Contact: Jonathan Rosen or Tim Bradley, BerlinRosen Public Affairs (646) 452–5637
Statement of Plaintiffs’ Counsel on Supreme Court Decision Upholding New York’s System for Selecting State Supreme Court Judges
New York – This morning plaintiffs’ counsel issued the following statement in response to the decision issued today by the U.S. Supreme Court upholding New York’s system of selecting State Supreme Court Justices (trial judges in New York). The case is New York State Board of Elections v. López Torres. The Brennan Center for Justice at NYU School of Law, together with co-counsel Arnold & Porter LLP and Jenner & Block LLP, represents the plaintiffs in the litigation.
“New York has compiled an 87-year record of anti-democratic exclusion, unaccountability and corruption in judicial selection. These problems will not go away because of the U.S. Supreme Court’s decision,” said Kent Yalowitz, Partner at Arnold & Porter, LLP.
“The plaintiffs are considering further litigation options. In the meantime, we urge the political, civic, and bar leaders who stood up for reform to continue to stand with us, demanding legislation that will end the closed process, which has, for too long, undermined public confidence in New York’s courts,” said Frederick A.O. Schwarz, Jr., Senior Counsel, Brennan Center for Justice at NYU School of Law.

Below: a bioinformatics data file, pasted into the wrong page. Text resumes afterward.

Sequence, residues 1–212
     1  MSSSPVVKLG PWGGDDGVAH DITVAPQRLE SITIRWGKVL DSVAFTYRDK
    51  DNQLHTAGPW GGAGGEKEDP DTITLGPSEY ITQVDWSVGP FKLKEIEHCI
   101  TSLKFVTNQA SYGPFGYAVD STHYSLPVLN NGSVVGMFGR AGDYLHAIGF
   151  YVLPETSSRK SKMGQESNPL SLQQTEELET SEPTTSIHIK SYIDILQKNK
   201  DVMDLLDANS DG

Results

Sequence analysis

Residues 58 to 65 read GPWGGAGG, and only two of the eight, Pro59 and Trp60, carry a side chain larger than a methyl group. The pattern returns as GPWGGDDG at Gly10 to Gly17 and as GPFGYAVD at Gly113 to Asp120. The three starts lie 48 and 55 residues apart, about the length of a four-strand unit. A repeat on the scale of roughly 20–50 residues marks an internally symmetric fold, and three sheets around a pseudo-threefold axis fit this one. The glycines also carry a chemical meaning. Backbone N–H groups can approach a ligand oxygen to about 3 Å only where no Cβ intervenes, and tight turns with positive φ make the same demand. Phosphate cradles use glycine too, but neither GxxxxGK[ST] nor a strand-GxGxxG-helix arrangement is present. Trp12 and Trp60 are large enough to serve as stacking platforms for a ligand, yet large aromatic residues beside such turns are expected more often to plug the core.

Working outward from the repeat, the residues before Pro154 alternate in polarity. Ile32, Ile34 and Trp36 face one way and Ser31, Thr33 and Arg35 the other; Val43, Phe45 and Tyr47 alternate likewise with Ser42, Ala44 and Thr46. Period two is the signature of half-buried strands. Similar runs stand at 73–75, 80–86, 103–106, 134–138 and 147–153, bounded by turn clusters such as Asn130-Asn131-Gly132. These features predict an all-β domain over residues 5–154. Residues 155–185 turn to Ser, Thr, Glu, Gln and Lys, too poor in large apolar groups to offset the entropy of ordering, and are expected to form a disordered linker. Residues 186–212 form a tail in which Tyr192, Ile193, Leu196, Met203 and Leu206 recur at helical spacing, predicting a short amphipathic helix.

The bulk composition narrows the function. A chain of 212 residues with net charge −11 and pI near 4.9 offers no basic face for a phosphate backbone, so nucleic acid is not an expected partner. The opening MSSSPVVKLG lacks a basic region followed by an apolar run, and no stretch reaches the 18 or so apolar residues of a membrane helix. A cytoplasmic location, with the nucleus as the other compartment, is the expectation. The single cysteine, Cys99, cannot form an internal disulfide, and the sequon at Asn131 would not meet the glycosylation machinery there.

“As the concurrences by Justices Stevens and Kennedy make clear, the Supreme Court’s decision should not, by any means, be read as endorsing New York’s flawed system,” said Surrogate Judge Margarita Lopez Torres, the lead plaintiff in the case.
About the Case
For more than eighty years, New York State Supreme Court Justices (New York’s trial court judges) have been nominated in judicial conventions. Local party bosses control the process while rank-and-file voters are excluded from choosing their party’s nominee. The Brennan Center challenged the system in Lopez Torres v. New York State Board of Elections. In January 2006, U.S. District Court Judge John Gleeson found the system unconstitutional. In August, 2006 the U.S. Court of Appeals for the 2nd Circuit unanimously affirmed Judge Gleeson’s ruling.